Forget the debate between ‘dead tree’ vs. ebooks, and how the ease with which anybody can now ‘publish’ a book (because there are no financial risks involved in backing and promoting a lousy writer, whose work is a mere digital file that can be replicated ad infinitum) will make the difficult profession and demanding craft of writing extinct. I believe that even ebooks will die out, eventually, as both writers and readers get lazier, do whatever comes easiest. Any attempts to actually teach critical reading or serious writing in schools will come to be seen as “bullying” the children into learning something that is neither ‘fun’ nor profitable.
The visual image is the real king, these days, because it demands less of its audience. It is instantly gratifying, it titillates with colors and shapes (and subject matter), it does not require an education, a vocabulary, memory (in order to make sense of succeeding paragraphs, one must be able to recall what was said in the preceding ones)…it does not even require knowing a language. It’s wonderful in that way. It will cross boundaries of language, geography, culture, education and class, in a heartbeat. It’s a wonderful thing, the image—quick and easy to take in—though perhaps responding, relating, and consuming only images will be as detrimental to our mental health as consuming only packets of chips and bite-sized morsels of processed food would be to our bodies.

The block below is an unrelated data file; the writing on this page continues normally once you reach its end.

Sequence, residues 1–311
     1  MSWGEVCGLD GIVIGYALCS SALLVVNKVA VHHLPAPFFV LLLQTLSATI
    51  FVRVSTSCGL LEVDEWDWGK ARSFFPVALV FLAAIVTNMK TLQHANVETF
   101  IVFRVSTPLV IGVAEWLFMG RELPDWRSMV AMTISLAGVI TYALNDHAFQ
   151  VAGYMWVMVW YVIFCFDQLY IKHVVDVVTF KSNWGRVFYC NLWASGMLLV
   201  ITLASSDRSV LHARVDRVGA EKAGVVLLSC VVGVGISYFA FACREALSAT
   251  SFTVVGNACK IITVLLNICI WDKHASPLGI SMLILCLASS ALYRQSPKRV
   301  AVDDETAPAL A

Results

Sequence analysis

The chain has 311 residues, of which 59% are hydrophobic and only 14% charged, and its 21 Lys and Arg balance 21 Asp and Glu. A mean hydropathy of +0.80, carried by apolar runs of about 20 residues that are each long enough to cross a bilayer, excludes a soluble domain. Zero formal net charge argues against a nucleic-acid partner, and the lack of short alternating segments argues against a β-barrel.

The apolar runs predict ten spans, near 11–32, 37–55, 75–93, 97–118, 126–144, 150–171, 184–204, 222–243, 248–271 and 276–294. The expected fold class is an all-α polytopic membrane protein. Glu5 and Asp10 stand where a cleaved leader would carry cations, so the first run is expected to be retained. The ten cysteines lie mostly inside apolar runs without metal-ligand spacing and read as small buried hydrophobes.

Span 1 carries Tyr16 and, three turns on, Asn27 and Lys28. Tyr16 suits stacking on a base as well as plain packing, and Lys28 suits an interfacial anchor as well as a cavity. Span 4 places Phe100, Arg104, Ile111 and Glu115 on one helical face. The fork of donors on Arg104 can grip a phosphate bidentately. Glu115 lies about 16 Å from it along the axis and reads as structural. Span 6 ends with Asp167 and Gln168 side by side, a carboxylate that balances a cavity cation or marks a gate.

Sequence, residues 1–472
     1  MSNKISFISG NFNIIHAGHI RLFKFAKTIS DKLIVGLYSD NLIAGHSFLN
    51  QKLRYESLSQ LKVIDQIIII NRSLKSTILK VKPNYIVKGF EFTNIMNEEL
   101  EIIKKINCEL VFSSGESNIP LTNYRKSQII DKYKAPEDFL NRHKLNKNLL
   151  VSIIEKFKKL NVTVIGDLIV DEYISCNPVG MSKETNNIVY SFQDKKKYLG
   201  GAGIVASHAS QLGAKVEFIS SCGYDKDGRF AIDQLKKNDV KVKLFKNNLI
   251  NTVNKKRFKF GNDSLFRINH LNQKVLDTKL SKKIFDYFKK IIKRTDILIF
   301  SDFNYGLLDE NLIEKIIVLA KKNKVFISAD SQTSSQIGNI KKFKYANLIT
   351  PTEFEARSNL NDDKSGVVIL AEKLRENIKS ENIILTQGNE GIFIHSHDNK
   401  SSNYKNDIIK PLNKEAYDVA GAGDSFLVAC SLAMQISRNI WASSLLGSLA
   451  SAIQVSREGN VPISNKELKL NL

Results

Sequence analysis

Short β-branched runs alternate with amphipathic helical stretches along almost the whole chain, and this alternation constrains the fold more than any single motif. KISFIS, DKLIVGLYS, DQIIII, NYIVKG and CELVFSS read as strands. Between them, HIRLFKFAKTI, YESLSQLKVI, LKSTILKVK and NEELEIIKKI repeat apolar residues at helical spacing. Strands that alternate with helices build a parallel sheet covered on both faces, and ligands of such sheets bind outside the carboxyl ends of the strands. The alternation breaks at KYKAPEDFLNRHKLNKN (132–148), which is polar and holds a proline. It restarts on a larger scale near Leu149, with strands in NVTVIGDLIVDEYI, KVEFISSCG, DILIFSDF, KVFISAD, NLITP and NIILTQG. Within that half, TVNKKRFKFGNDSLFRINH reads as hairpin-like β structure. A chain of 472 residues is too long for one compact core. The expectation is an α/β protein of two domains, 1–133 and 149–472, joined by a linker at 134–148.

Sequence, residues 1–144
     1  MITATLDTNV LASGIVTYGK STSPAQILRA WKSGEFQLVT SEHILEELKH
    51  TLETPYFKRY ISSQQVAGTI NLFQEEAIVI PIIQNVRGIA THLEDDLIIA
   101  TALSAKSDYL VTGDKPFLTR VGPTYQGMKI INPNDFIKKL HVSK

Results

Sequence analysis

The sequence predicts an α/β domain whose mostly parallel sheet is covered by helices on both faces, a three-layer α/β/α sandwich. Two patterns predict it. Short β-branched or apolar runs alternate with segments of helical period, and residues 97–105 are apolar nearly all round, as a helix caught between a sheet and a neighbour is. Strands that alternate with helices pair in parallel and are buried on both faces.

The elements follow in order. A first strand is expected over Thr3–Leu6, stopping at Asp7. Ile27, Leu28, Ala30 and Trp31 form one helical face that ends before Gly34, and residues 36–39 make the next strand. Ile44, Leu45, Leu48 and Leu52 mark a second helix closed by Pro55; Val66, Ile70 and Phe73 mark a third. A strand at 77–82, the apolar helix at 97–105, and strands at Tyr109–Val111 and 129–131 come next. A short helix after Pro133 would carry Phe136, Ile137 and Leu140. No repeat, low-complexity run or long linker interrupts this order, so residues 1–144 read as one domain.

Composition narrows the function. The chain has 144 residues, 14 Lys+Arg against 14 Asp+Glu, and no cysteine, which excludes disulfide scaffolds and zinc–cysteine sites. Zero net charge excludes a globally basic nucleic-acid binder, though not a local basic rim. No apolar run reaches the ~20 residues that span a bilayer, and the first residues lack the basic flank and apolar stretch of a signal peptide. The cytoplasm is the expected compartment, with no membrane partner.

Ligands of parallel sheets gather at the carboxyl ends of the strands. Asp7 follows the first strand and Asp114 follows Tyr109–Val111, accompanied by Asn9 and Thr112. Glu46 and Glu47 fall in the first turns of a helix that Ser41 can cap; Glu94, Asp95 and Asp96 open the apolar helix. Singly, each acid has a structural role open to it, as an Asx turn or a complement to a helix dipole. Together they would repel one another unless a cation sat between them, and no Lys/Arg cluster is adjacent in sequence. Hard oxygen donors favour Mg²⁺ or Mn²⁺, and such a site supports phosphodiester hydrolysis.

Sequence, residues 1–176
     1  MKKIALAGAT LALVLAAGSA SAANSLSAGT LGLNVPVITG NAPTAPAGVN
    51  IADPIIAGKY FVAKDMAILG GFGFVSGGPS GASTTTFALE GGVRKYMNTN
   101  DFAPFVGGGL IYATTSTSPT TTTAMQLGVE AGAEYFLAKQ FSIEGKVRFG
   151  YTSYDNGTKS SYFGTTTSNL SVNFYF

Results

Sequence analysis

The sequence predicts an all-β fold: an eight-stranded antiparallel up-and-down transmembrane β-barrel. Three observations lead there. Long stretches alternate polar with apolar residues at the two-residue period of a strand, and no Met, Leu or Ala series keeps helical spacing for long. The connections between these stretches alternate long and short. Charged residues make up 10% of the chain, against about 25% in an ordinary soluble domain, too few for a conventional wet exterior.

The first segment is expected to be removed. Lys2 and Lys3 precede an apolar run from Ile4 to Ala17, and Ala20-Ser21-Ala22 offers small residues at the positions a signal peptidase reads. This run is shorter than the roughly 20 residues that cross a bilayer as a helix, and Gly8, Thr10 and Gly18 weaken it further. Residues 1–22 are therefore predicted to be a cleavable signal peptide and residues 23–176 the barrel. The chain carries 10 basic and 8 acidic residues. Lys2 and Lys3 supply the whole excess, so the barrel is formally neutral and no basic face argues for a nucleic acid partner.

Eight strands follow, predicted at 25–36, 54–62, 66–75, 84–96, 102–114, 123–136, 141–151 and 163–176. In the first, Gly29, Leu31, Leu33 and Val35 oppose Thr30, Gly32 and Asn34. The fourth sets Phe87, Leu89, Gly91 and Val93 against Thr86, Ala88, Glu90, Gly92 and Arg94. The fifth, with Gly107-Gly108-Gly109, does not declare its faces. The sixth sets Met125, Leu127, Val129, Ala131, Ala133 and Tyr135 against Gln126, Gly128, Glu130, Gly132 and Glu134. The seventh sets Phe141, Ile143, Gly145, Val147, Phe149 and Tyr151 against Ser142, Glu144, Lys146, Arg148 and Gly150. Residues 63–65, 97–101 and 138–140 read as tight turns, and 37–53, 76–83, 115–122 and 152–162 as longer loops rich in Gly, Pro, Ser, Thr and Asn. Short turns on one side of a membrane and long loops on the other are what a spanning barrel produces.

But nobody’s worried about that, because the great thing about this worldwide and systematic decline in critical reading OR quality writing is that if we are ALL uniformly dumber, then we really aren’t dumb anymore, are we? We may have taken a step backward, but we’ve all taken it together, and anything more demanding ceases to exist as something we have lost, or as something to be regained, because we simply won’t be aware that it ever was. The reference point blips out soundlessly, like the tree nobody was around to hear fall over in the forest.
I am on my way out of the devolving world, and the intellectual futures of people who made something like Fifty Shades of Grey a bestseller—with its appallingly bad metaphors, its “sex will make bad writing palatable to dumb readers” strategy, and its author’s (and publisher’s) cavalier abandonment of any standards of quality—is not really my concern, anymore. If anything, I’m merely disappointed by how few of the new and trumpeted books emerging in bookstores and libraries have stolen my heart this year…
But I’ll keep on writing, here and elsewhere, even though the number of people willing to slow down and read a few hundred words with mindfulness has dwindled (and will continue to dwindle). Because I value the act of writing, in and of itself, whether it gets read or not. Because good writing brought me up and carried me through the wilderness of this world. Because I can’t not write.